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Vaccine. 2010 Aug 31;28(38):6393-7. doi: 10.1016/j.vaccine.2010.05.019. Epub 2010 May 20.

Studies on the usefulness of intranasal inactivated influenza vaccines.

Author information

1
Department of Pathology, National Institute of Infectious Diseases, 4-7-1 Gakuen, Musashimurayama, Tokyo 208-0011, Japan. stamura@nih.go.jp

Abstract

Intranasal inactivated influenza vaccines have the advantage over parenteral vaccines in that they are not associated with the pain of an injection. However, they would be most useful if they were available for all age groups, including high-risk groups, and also would provide cross-protection against variant virus strains. Supporting the latter objective is our observation that intranasal inactivated vaccines provide cross-protection against variants within a subtype of the A virus (or variants within the B virus), together with inducing highly cross-reactive secretory-IgA antibodies to viral HA and the weakly cross-reactive IgG antibodies in the respiratory tract. This review summarizes the most important observations of our studies on intranasal inactivated influenza vaccines, which have been ongoing since 1987. These studies center on a mouse model of influenza in which mice are immunized intranasally with inactivated vaccines mixed with a cholera toxin B subunit adjuvant and then infected with mouse-adapted influenza viruses.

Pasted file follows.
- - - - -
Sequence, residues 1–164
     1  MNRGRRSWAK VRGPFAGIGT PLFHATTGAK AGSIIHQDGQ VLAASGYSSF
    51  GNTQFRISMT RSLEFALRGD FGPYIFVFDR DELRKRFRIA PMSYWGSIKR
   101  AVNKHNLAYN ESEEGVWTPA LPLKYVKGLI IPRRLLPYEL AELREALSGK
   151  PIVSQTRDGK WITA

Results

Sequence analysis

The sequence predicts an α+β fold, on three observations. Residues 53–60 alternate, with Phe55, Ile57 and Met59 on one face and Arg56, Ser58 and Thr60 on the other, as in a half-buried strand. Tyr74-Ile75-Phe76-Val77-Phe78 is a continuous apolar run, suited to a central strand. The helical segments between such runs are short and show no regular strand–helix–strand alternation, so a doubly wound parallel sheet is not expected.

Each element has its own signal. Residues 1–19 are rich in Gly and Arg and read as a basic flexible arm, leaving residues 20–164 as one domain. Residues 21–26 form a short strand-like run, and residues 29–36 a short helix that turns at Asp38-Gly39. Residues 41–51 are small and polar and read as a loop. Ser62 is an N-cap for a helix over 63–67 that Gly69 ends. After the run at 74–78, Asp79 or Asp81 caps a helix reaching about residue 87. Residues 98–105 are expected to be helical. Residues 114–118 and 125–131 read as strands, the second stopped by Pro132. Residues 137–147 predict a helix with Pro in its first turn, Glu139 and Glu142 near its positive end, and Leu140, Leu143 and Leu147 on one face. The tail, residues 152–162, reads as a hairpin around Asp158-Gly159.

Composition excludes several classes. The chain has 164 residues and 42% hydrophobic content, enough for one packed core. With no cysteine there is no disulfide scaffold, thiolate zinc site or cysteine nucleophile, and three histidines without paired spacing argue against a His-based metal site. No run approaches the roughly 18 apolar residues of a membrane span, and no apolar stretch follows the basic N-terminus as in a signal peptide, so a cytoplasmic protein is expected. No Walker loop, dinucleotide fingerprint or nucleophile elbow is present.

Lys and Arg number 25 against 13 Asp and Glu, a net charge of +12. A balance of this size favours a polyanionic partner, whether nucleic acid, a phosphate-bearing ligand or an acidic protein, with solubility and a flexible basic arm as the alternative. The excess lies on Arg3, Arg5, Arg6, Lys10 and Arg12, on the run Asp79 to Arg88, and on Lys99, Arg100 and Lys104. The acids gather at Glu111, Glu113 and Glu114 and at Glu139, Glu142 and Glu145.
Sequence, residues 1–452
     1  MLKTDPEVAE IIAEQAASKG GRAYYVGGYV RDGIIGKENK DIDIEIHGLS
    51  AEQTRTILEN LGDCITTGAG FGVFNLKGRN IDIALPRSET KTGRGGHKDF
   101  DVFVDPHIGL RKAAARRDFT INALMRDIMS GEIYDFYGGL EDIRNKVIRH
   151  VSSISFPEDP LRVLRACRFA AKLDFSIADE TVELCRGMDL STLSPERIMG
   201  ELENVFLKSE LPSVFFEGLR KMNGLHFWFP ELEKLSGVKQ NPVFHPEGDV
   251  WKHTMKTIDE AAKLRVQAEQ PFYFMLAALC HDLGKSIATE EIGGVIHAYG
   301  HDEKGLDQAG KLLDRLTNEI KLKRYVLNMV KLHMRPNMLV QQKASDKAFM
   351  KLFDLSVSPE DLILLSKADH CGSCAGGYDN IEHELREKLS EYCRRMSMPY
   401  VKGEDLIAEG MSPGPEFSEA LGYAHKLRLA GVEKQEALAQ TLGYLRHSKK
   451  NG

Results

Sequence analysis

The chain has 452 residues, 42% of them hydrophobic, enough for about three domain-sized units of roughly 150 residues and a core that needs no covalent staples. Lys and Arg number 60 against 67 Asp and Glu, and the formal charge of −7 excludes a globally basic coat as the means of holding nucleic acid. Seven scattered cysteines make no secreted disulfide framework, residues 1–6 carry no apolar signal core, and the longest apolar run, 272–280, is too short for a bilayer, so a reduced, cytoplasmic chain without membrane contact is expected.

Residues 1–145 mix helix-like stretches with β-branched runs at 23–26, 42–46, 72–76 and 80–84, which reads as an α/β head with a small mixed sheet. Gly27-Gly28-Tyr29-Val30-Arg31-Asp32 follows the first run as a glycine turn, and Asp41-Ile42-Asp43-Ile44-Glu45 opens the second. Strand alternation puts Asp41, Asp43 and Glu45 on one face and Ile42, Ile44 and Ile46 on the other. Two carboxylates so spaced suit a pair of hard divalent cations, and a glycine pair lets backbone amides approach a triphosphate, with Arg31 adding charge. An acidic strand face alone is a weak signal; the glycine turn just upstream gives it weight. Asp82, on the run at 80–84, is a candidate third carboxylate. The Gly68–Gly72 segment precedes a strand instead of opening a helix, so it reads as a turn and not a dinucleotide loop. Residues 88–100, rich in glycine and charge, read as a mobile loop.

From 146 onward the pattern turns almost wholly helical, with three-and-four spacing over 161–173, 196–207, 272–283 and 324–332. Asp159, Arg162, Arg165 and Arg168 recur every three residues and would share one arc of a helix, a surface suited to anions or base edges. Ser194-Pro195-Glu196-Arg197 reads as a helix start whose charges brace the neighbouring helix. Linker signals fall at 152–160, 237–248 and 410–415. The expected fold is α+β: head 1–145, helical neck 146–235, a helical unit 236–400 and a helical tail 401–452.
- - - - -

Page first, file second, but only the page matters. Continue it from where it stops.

PMID:
20493820
DOI:
10.1016/j.vaccine.2010.05.019
[Indexed for MEDLINE]

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